Watch Pamilya Ordinaryo and you’ll think as if you’re watching a documentary. You might think that they are actual rugby-sniffing street dwellers being their ordinary selves on the big screen and not being portrayed by actors. It helped that Ronwaldo Martin (as Aries) and Hasmine Killip (as Jane) are 100% believable as a poverty-stricken homeless couple taking care of their infant son while struggling to survive on the streets of Manila.
Ronwaldo and Hasmine are convincing as troubled teens toughened by mainstream society’s apathy towards their state. As poor, young and vulnerable Aries and Jane, they are easy bait to the scrupulous and corrupt. To fight back, the teenage parents take a stand in the only way they know how: they steal and sell cell phones for a living. But when their baby Arjan is stolen from them, the already harsh world they’re living in becomes harsher, even more cruel, and even more apathetic.
It’s Jane and Aries versus forces too big for their youth and poverty to defeat. Who will win?
Written and directed by Eduardo Roy, Jr., Pamilya Ordinaryo offers an up close and personal view of how it is to be young, poor and exploited in Manila – a sadly ordinary occurrence in the Philippines. Sheltered audiences are given an authentic glimpse of how life is for children and teens living on the streets.
In social media, the film has been described as “poverty porn.” According to Wikipedia, poverty porn is any type of media that exploits the poor’s condition to generate sympathy. But tossing aside claims about being poverty porn, Director Eduardo Roy’s Pamilya Ordinaryo is structured to not only show the existing inequality between the can-affords and those who can’t, it also brings to light our own apathy towards the latter.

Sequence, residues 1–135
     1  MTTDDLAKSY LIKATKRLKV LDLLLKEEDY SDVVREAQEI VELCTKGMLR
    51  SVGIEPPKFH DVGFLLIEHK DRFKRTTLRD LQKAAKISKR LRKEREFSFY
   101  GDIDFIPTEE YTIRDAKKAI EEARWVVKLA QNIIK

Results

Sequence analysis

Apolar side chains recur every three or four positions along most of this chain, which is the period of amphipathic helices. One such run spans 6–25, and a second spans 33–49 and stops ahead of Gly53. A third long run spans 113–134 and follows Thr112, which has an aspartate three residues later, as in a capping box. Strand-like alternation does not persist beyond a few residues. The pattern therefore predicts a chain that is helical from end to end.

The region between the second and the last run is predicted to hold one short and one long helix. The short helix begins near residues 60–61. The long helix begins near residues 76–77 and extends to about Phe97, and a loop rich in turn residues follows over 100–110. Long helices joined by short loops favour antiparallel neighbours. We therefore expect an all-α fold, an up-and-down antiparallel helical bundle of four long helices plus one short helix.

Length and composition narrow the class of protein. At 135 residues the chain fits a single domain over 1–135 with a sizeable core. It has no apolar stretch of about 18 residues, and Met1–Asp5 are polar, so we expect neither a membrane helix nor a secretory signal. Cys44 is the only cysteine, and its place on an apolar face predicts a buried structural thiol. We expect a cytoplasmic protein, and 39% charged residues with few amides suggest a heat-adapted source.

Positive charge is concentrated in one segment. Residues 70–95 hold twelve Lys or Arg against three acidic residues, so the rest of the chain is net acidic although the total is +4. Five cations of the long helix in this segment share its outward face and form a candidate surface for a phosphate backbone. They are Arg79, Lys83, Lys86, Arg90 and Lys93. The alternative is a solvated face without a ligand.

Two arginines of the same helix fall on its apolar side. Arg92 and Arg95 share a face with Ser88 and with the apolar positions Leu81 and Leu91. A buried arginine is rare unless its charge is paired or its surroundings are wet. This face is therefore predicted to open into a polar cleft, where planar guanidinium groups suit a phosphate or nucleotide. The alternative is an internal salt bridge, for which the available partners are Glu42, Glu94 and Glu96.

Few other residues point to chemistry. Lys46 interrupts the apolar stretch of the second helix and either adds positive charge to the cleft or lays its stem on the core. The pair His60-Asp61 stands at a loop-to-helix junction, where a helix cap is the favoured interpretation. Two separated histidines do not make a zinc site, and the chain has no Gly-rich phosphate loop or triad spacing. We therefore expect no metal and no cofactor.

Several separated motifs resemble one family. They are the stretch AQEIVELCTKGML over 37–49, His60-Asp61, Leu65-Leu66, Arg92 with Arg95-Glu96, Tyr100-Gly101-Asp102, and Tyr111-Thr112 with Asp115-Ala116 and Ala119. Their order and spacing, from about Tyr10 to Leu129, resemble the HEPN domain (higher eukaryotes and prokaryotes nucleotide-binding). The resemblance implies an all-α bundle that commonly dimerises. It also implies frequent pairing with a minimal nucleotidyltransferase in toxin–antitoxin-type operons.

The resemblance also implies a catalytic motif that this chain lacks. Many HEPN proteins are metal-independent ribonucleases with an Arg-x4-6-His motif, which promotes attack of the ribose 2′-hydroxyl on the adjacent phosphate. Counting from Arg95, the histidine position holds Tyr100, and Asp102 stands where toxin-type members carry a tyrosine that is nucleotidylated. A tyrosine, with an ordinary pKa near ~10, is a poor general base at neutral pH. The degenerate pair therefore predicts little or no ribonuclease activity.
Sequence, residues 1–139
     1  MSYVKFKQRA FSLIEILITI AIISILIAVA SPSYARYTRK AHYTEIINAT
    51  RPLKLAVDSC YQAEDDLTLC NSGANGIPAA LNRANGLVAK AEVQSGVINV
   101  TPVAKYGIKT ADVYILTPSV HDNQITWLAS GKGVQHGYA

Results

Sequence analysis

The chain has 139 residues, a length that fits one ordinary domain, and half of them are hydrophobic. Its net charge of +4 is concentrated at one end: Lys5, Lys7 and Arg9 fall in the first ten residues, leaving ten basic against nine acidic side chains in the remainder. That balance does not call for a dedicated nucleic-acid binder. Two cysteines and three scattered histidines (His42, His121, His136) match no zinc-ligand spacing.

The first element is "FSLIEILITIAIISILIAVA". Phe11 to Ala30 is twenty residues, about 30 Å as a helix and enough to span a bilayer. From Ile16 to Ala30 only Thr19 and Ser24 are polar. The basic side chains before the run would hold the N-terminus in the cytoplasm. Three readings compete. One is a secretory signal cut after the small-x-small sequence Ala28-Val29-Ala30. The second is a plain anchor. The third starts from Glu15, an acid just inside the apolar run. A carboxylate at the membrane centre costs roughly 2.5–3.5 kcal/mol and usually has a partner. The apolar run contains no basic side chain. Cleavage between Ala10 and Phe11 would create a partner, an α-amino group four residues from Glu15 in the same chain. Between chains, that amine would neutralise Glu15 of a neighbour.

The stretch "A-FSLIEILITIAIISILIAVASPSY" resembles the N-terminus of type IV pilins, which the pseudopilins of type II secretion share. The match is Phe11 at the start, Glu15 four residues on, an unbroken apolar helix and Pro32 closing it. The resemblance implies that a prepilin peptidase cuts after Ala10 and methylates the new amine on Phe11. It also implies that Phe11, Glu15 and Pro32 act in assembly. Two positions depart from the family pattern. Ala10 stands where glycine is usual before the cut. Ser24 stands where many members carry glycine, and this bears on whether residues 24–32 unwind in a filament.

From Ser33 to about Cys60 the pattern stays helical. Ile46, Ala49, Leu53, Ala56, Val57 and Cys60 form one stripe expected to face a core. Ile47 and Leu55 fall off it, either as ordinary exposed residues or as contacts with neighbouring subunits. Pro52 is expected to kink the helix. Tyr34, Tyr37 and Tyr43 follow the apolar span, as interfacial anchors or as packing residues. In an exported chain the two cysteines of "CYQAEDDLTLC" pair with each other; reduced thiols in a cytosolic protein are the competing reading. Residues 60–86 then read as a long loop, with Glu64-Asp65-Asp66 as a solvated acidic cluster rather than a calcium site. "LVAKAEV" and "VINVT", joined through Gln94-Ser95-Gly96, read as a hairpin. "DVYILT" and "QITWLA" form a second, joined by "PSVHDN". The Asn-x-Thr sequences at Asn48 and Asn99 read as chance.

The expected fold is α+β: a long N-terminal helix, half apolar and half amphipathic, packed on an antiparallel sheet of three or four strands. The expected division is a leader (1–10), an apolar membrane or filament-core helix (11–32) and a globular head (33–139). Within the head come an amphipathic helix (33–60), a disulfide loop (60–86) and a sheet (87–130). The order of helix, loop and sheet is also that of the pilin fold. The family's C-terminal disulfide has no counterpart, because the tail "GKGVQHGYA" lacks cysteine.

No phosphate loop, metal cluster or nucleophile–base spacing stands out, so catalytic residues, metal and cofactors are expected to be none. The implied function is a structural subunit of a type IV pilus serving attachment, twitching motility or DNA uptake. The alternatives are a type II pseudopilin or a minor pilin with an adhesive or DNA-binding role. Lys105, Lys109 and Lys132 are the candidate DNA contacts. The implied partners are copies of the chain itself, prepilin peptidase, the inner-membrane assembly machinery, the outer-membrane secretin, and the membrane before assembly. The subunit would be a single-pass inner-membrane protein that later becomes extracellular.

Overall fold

The movie depicts intricate details of a day-in-the-life of Jane and Aries, making it difficult for audiences to dismiss them--and their real life versions plying the streets of Manila--as merely thieves and the good-for-nothing of society. Despite the characters’ wrong and impulsive life choices, director Eduardo Roy made it possible for us audiences to root for them.
Ronwaldo is memorable as Aries. He swears and spouts expletives just like a street urchin. He has no qualms wearing just briefs and having sex with his partner with nothing more than cardboard boxes to separate them from the cold pavement. Ron’s extraordinary acting skill proves he can stand on his own and step out of the shadow of his older brother Coco Martin.
Hasmine is affecting as a young mother desperately searching for her lost child while also trying to fight off monsters dressed in police uniform. She is just as daring as her partner as she bares her breasts in one scene of this Cinemalaya 2016 entry.
There are some stilted and contrived dialogue spoken by the characters of Ronwaldo, Hasmine and Maria Isabel Lopez (who plays the mother of Hasmine in the movie). Still, the film manages to remain compelling and tight.
If you watch Pamilya Ordinaryo, you will be witness to the life and interaction of vagrants in the city – scenes you can easily see and hear when you walk through Leveriza, Quiapo, or any other side street of Manila. But sit through the movie and you will wonder why you didn’t care for them in the first place. After the movie is over, you will also realize that maybe it’s not too late to start caring for them now.
Pamilya Ordinaryo is one of nine full-length entries competing in the 12th edition of the Cinemalaya Philippine Independent Film Festival that will run from August 5-14, 2016.
(To learn more about this year’s entries, read: Cinemalaya 2016 loses one entry; Nora Aunor, Judy Ann Santos among stars featured in 12th edition)
Ed's Note: The "PEP Review" section carries the views of individual reviewers, and does not necessarily reflect the views of the PEP editorial staff.